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the current database. select b.name, a.name from sys.columns a inner join sys.objects b on a.object_id = b.object_id where b.is_ms_shipped=0 and (a.user_type_id=35 or a.user_type_id=99 or a.user_type_id=34) Please note that it is possible that after the evaluation and certification process of the TOE as described in this document additional security patches are issued. Therefore the administrator shall regularly visit the Microsoft technet website (http://www.microsoft.com/technet/security/current.aspx) to get informed about new security bulletins. For each new security patch the administrator shall carefully consider to install it (depending on the needs of the specific installation). The authenticity of each downloadable package can be verified using the digital signature of the file: a file can be considered authentic if it is digitally signed by Microsoft Corporation (see Figure 21 for an example). The Microsoft technet also has a site that explains, how the development group of Microsoft products can be contacted for the case that an administrator finds a security bug (https://www.microsoft.com/technet/security/bulletin/alertus.aspx).

Figure 21: Signature list of SP2 x64

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8 Appendix
8.1 Stored Procedures
The following chapters contain information on Stored Procedures that are contained in SQL Server 2008 but not documented in [AGD]. All these Stored Procedures have been developed for internal use only and are documented for information purposes only. These Stored Procedures are not officially supported by Microsoft and no future compatibility is guaranteed.

8.1.1 sp_MSgetversion
This Stored Procedure can be used to get the current version of Microsoft SQL Server. Input: Returns: Output: Syntax: no input parameters 0 / Error number row(s) with the Version Number in Character_value exec sp_MSgetversion

8.1.2 xp_dirtree
Returns a complete listing of all subdirectories on the server; for each subdirectory listed its depth in the directory tree is also returned. If a depth is specified then only subdirectories up to and including the specified depth will be returned. If IncludeFiles is specified (as a 1) then files will also be returned and the result set will include an additional column to indicate if a row is a file or a directory. Input: Output: Permission @filepath, @depth, @IncludeFiles subdirectory, depth, file If the calling user is sa this Stored Procedure is executed in the context of the SQL Server system account. In all other cases the Stored Procedure will be executed in the context of the calling user (i.e. the Stored Procedure will impersonate the user). This impersonation will fail for the case that a SQL login is used and an empty set will be returned. xp_dirtree <filepath>, <depth>, <IncludeFiles> exec xp_dirtree 'c:' exec xp_dirtree 'c:', 1 exec xp_dirtree 'c:', 1, 1 - Lists all dirs and sub-dirs on C: - Lists all dirs at the root level of C: - Lists all dirs and files at the root level of C:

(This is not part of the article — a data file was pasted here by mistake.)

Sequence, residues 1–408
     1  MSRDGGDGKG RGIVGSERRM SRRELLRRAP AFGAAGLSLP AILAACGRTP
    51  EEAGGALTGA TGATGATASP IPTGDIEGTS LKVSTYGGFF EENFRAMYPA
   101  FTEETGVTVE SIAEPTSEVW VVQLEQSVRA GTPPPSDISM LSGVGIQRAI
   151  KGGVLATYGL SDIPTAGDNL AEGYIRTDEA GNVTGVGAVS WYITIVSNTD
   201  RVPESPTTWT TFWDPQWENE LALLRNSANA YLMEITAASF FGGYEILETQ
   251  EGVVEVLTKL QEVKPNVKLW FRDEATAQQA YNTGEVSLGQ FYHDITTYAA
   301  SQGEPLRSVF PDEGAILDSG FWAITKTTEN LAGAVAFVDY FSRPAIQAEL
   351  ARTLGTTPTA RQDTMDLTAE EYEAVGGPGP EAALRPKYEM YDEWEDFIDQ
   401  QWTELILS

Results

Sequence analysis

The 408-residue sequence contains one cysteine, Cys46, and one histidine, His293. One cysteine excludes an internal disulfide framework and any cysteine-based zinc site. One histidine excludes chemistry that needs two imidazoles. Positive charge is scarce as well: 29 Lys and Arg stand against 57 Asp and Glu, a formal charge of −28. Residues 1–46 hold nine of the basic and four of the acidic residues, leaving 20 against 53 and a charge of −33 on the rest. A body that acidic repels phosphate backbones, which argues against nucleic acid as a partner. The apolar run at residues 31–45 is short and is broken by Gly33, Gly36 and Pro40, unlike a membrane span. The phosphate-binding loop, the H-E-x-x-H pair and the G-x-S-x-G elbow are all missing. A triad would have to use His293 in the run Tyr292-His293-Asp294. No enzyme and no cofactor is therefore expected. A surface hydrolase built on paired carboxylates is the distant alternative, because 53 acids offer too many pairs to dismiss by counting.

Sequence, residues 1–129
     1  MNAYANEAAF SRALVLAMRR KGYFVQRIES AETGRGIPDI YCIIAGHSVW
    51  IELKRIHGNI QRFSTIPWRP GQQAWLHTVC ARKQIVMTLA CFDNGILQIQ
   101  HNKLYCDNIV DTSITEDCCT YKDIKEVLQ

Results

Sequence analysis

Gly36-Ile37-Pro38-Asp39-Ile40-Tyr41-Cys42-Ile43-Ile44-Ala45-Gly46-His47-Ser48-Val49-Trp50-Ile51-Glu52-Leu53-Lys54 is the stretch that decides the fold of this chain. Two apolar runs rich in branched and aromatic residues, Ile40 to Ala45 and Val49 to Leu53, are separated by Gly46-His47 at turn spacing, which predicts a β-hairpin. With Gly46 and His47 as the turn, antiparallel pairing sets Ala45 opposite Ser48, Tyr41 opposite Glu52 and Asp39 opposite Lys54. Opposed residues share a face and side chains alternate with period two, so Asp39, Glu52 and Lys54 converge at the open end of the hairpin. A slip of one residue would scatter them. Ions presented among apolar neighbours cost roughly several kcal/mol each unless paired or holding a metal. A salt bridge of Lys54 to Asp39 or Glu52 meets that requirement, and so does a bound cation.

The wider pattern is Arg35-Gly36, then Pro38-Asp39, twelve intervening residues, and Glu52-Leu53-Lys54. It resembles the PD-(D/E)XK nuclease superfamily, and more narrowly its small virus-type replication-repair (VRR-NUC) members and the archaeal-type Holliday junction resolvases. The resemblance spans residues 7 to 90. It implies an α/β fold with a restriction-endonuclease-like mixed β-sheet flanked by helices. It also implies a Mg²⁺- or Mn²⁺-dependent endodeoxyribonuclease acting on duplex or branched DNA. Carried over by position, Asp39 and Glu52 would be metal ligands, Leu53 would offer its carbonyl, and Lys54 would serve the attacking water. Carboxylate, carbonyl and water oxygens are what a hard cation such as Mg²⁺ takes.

Note: file is only displayed if @IncludeFiles = 1

Syntax: Examples:

8.1.3 xp_fileexist
This Stored Procedure can be used to determine whether a particular file exists on disk or not.

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Input: Result: Permission

<filename> 0 / Error number If the calling user is sa this Stored Procedure is executed in the context of the SQL Server system account. In all other cases the Stored Procedure will be executed in the context of the calling user (i.e. the Stored Procedure will impersonate the user). This impersonation will fail for the case that a SQL login is used and an empty set will be returned. EXECUTE xp_fileexist <filename> [, <file_exists INT> OUTPUT] For example, to check whether the file boot.ini exists on disk c: or not, run: EXEC master..xp_fileexist 'c:\boot.ini'

Syntax: Example:

8.1.4 xp_fixeddrives